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New study confirms Tier II pensions are inadequate, harmful to education

3/03/2016

A new study confirms what we have said all along: Illinois’ Tier II pension plan is unfair and woefully inadequate for newer teachers. Worse yet, it’s harming education in our state.
 
Education Week recently reported on the findings in the study by Bellwether Education Partners, a Washington consulting firm. What they discovered is alarming. From the study:
"Seventy-eight percent of newly hired teachers in 2014 are expected to leave the Illinois teaching workforce before teaching 26 years, the point at which a teacher “breaks even” on her contributions. This means that over three-quarters of the state’s newly hired teachers will not receive any positive accrual of retirement benefits."

So, a majority of teachers who participate in the plan will be shortchanged, and many will receive less money upon retirement than they paid into the plan during their careers in public service. That’s not just unfair, it’s unacceptable.
 
Lawmakers spent decades under-funding our state’s pension systems and created the crisis we face today. But the Tier II plan passed by the General Assembly in 2011 is not a fair answer to our pension woes.  
 
Compared to their Tier I colleagues who were hired prior to January 1, 2011, Tier II members must work five years longer to be vested in the system and are not eligible to retire until age 67 — as many as 12 years more than those in Tier I. 
 
The result is drastically lower benefits for newer members – so much so that our union, some lawmakers, and others consistently question whether the plan is even legal
"Public school teachers in Illinois don’t pay into Social Security. Neither do the schools that hire them. The federal government allows this for public sector workers only if they receive benefits that exceed what they would get from the federal retirement program. Tier II workers haven’t started retiring yet, but some analysts are sure that once they do, their benefits will not be enough to qualify them for the Social Security exemption."
Read the rest of this comprehensive story from Illinois Issues here.

More, from Education Week:
"So steep are the scale-backs that without adjustments, the Tier II plan could by 2027 fall afoul of federal rules requiring benefits to be at least as good the minimum benefit promised to workers under Social Security, according to news reports. (Most Illinois public employees do not participate in Social Security.)"

If it goes unaddressed, the state could find itself fighting another costly legal battle, similar to the one it lost last year when pension-slashing SB 1 was declared unconstitutional.
 
What is most troubling, though, is the damage being done to teaching and learning under Tier II’s inequalities. Leslie Kan, an author of the Bellwether study, told Education Week:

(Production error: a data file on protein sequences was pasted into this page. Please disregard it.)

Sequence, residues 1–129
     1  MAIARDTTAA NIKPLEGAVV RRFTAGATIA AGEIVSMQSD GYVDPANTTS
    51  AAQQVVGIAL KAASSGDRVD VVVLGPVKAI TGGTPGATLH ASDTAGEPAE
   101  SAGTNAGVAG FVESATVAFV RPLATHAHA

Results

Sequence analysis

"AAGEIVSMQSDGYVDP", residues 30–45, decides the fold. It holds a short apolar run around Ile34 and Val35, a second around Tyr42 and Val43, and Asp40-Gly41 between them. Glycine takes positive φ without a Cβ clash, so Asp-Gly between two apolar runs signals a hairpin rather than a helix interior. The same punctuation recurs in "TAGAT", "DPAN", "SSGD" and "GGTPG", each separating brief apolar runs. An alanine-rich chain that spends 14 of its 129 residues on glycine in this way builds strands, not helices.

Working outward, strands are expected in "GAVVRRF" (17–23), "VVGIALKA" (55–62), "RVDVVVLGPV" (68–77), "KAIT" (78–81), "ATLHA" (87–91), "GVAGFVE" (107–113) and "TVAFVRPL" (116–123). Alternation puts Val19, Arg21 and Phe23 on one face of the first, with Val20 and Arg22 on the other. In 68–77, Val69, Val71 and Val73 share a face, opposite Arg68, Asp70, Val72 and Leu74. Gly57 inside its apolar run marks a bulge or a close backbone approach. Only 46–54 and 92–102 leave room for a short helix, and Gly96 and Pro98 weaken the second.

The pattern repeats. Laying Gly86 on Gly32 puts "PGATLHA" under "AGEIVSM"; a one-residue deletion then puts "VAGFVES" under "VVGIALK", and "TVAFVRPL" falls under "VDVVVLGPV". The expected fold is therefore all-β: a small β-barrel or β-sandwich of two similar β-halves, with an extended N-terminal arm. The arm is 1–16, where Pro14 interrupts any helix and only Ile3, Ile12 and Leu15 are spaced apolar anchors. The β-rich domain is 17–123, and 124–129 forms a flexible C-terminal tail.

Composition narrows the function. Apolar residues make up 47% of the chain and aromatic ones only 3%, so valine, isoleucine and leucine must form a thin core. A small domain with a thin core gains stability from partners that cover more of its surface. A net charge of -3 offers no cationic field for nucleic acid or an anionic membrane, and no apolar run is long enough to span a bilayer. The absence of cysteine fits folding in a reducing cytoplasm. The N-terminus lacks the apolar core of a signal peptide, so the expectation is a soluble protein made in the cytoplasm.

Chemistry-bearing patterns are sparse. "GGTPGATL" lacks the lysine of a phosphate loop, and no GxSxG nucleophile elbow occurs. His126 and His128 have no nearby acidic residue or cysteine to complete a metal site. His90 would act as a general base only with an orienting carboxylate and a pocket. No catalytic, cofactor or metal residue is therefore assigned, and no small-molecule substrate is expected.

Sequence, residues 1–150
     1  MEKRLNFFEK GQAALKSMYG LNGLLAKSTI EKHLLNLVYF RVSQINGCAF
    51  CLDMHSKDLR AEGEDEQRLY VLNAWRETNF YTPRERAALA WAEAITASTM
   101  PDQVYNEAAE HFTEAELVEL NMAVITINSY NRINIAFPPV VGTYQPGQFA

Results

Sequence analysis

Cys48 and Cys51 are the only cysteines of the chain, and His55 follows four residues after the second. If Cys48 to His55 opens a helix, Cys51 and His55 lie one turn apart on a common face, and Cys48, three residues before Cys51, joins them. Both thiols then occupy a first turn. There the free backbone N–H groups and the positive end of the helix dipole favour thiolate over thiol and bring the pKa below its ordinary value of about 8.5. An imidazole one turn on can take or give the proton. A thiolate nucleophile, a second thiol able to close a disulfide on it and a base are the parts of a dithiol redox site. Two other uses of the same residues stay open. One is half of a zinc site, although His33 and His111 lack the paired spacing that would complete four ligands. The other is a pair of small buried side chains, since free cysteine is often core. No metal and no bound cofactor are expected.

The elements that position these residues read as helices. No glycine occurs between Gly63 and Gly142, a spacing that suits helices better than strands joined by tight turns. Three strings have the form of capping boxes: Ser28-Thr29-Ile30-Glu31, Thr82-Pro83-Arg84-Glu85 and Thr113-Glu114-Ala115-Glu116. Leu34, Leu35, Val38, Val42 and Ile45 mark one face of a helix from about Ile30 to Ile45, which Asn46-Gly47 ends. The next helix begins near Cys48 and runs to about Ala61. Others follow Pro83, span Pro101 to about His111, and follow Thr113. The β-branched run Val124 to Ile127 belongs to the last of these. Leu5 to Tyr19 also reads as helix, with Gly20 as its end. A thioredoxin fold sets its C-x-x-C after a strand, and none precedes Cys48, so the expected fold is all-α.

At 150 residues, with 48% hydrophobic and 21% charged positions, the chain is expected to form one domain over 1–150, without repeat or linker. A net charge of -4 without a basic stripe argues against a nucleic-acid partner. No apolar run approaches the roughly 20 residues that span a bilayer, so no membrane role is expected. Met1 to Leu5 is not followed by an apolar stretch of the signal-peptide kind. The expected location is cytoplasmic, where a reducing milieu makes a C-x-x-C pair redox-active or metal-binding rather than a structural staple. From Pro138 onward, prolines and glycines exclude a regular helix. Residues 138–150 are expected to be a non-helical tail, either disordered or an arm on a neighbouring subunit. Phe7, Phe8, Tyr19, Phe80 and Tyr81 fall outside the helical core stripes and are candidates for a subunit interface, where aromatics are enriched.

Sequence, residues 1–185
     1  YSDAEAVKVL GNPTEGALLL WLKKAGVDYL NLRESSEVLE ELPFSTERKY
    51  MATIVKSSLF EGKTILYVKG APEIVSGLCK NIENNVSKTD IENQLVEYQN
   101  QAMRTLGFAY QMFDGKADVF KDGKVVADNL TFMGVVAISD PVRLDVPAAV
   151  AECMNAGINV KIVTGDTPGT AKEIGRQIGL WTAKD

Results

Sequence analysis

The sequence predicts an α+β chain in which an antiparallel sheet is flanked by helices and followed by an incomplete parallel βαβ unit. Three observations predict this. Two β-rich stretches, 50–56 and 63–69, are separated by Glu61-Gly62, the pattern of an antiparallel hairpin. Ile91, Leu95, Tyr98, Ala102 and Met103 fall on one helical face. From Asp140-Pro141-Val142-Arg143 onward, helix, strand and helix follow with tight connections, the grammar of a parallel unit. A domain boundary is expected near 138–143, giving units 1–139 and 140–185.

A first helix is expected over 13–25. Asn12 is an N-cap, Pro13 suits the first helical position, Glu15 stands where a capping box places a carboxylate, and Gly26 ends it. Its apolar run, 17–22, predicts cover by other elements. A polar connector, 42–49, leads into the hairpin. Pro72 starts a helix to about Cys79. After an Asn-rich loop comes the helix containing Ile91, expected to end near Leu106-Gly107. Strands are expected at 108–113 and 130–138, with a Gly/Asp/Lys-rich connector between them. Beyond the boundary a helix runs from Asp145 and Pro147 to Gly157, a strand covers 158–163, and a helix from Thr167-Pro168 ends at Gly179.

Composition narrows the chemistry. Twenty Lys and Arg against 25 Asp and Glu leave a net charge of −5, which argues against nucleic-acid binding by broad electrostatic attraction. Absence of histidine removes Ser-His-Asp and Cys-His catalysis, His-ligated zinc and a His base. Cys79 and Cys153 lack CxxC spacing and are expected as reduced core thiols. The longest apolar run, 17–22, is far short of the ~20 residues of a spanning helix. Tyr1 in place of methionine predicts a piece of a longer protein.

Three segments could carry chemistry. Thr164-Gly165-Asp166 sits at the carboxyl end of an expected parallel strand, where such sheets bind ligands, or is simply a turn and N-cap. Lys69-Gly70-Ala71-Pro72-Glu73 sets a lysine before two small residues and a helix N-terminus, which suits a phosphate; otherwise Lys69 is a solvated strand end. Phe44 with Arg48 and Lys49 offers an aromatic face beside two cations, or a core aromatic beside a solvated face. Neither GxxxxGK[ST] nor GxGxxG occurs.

"Ultimately, this not only puts teachers' financial futures at risk, but it also could have long-term effects on whether the state can ensure a sufficient, stable teaching force. It makes it a very precarious situation," Kan said. "The state wants to have a robust teaching workforce but they're reaching a point where teachers are going to push back."

Last year, Governor Rauner admitted that Tier II is grossly inadequate when he hired Dr. Tony Smith to serve as state superintendent of schools. Included in Smith’s contract is a big perk – a special annual cash stipend to make up for the lower Tier II pension benefit he receives as a new employee. IFT President Dan Montgomery called it, "…illegal, hypocritical, and a stunning display of the Governor’s real priorities."
 
But rather than work to find a fair and legal path for pension funding, the Governor has pushed his irresponsible priorities. Last year, he suggested that Tier I members accept lesser benefits, essentially forcing them into a new Tier III plan. Included in his 500-page proposal was a “poison pill” to restrict the collective bargaining rights that give teachers, firefighters, nurses, and others a voice in their working conditions and professions. The IFT and our We Are One coalition of unions flatly rejected the illegal and purely political plan.
 
Still, Governor Rauner continues to demonstrate his unwillingness to find real pension solutions and to instead wage a personal war against teachers, firefighters, nurses, and other workers. In January, he announced his support for a so-called “consideration” model, which would offer public employees a "choice" between two diminished benefits: either give up cost-of-living-increases or including pay raises in the calculation of your retirement benefits. Unsurprisingly, his latest plan also includes a provision to eliminate workers’ rights to bargain salary increases with their employers. The IFT and We Are One Illinois responded:
"…Rauner's latest proposal is irresponsible and divisive. Slashing retirement security by forcing workers to choose between two diminished options is clearly unconstitutional. And to no one's surprise, poison pills in the governor's plan would wipe out the right of working people to have a collective voice on the job on behalf of their families and those they serve…."

As in many other areas, it is clear that Governor Rauner does not share our values, and he is not looking out for the best interests of Illinois students and citizens. Despite his rhetoric, the Governor’s actions are hurting our communities, making regular women and men sacrifice while refusing to ask the very wealthy to pay their fair share. 

The IFT and our We Are One Illinois coalition will continue to advocate for our members to address this important issue and find fair, legal solutions to the challenges we face.
 
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